Wednesday, June 3rd 2009

AMD Demonstrates World’s First Microsoft DirectX 11 Graphics Processor

At a press conference in Taipei, Taiwan today, AMD publicly demonstrated the world’s first Microsoft DirectX 11 graphics processor. The series of demonstrations shed new light on the significantly improved computing experience set to debut at the end of 2009. The fusion of AMD’s new ground-breaking graphics processors with the forthcoming DirectX 11 programming interface is set to forever change both applications and PC gaming for the better. To illustrate, AMD showed numerous examples of faster application performance and new game features using the world’s first true DirectX 11 graphics processor.

  • Get ready for a revolution: Games and other applications are about to get a lot better as a result of AMD’s new graphics hardware and DirectX 11. DirectX 11 features such as tessellation will bring consumers higher quality, superior performing games making use of 6th generation AMD technology. Another DirectX 11 feature, the compute shader, will enable AMD’s DirectX 11 graphics cards to help make Windows 7 run faster in a wide number of applications and in a manner that’s completely transparent to users, for example, in seamlessly accelerating the conversion of video for playback on portable media players through a drag-and-drop interface.
  • DirectX 11 done right on AMD: The development of DirectX 11 has been broadly influenced by AMD graphics technology. Each new version of DirectX builds on the versions that came before it, and many of the capabilities of DirectX 11 were pioneered on AMD GPUs, including DirectX 10.1, tessellation, compute shaders, Fetch4, custom filter anti-aliasing and high-definition ambient occlusion shading.
  • Bringing consumers DirectX 11 sooner: The preview of the world’s first DirectX 11 graphics processor at Computex 2009 validates AMD’s commitment to delivering leading technologies to market before anyone else, and to continuing to foster innovation in computing.
  • Fueling developer demand: It’s not just consumers who are excited about the prospects of DirectX 11, game developers are also incredibly enthusiastic about taking advantage of new DirectX 11 hardware to bring even better games to market, in large part due to AMD’s readiness to meet their DirectX 11 needs. Many developers have indicated their commitment to building DirectX 11 games initially on AMD’s DirectX 11 hardware, delivering superior performance and compatibility.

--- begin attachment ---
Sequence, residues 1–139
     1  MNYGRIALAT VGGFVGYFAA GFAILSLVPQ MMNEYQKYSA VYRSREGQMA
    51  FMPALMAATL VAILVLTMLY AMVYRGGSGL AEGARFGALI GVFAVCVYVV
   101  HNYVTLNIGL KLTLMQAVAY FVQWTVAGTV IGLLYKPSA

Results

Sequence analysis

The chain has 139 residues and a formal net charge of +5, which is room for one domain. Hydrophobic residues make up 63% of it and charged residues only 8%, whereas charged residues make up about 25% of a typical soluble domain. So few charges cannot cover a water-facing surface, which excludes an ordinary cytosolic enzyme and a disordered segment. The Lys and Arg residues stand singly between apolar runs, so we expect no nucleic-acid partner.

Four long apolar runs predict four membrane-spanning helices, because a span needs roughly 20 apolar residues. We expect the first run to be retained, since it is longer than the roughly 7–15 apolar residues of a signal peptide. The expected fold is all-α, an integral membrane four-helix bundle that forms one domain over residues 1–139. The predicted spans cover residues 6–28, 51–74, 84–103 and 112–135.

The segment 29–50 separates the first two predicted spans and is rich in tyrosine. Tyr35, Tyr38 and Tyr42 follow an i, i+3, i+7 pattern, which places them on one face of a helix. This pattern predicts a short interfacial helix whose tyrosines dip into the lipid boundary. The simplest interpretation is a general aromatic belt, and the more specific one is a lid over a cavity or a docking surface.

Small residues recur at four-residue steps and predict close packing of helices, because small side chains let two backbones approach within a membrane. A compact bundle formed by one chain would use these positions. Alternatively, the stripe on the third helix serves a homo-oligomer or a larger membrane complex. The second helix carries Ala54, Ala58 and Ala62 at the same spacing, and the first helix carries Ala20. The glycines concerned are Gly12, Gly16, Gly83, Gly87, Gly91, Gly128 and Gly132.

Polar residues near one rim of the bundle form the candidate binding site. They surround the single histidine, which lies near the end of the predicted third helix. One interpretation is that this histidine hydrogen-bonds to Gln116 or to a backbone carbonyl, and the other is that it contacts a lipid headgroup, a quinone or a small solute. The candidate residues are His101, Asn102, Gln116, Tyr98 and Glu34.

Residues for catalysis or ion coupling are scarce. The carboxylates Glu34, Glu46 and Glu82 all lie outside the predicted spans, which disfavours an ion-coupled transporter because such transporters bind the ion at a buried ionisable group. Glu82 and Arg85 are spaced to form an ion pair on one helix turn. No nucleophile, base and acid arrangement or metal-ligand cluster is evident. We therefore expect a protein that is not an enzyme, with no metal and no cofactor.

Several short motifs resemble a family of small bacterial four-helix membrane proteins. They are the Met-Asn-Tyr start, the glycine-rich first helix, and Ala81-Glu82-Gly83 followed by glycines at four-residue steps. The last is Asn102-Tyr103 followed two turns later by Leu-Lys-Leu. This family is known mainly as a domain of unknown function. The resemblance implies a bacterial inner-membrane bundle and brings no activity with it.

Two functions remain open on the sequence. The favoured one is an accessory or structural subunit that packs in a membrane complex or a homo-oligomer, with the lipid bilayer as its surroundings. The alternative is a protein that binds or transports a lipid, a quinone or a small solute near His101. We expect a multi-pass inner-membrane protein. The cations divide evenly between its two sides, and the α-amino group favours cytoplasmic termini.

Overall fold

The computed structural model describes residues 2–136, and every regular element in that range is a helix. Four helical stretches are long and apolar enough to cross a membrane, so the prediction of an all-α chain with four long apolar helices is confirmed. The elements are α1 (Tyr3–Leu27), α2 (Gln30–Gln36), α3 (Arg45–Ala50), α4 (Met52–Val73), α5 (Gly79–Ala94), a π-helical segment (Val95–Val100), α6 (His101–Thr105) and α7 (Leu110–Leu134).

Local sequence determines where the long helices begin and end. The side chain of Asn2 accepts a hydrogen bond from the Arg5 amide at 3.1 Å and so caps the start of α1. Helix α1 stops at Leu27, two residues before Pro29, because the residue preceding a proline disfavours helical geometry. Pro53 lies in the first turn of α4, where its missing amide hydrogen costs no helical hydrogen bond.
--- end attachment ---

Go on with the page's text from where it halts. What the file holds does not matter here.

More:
“AMD has a long track record of delivering pioneering features that have gone on to become mainstays in the DirectX experience, and we’re doing it again with two mature, AMD-developed technologies in DirectX 11 – tessellation and the compute shader – both of which enable a better DirectX 11 experience for consumers,” said Rick Bergman, Senior Vice President, AMD Products Group. “Today, we’re previewing AMD’s DirectX 11 graphics processor to build enthusiasm for this key technology so developers will have games available at launch and shortly thereafter. With the benefits it delivers to gaming, applications and Windows 7, developers are lining up to get their hands on our hardware, and we’re confident that consumers will too.”Source: AMD
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61 Comments on AMD Demonstrates World’s First Microsoft DirectX 11 Graphics Processor

#1
Mussels
Moderprator
oh, i might have indeed got those confused. far cry 1 was a long time ago!


yeah after reading, i definitely had it backwards. i was thinking of geometry instancing.
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#2
HolyCow02
very cool. Way to go AMD! :D
I wonder what NVidia has to say about this.
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#3
AsRock
TPU addict
Mussels said:
tesselation is a great feature.